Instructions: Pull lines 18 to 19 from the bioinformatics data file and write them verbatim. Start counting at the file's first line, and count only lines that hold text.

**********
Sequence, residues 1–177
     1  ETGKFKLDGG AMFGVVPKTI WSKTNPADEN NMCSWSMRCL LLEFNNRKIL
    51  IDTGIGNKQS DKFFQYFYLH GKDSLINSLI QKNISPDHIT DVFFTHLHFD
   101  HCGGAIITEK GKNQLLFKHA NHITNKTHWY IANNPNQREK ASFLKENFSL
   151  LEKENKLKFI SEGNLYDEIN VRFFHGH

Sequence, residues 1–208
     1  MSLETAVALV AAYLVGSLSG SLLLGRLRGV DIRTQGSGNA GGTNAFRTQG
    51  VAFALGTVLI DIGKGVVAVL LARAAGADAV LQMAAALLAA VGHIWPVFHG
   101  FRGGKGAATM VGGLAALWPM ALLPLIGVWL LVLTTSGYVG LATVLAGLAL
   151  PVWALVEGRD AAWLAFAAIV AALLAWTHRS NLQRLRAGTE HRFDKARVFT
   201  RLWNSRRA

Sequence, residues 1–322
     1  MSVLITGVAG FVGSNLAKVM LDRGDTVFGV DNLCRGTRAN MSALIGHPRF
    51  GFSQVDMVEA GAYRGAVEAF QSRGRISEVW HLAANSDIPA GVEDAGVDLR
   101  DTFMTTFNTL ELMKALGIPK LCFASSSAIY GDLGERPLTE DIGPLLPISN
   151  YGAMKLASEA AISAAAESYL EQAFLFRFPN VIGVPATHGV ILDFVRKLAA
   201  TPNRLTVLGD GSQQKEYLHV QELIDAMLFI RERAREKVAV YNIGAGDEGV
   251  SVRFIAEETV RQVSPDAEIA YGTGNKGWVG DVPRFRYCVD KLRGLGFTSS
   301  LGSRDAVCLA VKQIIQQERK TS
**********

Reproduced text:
   251  SVRFIAEETV RQVSPDAEIA YGTGNKGWVG DVPRFRYCVD KLRGLGFTSS
   301  LGSRDAVCLA VKQIIQQERK TS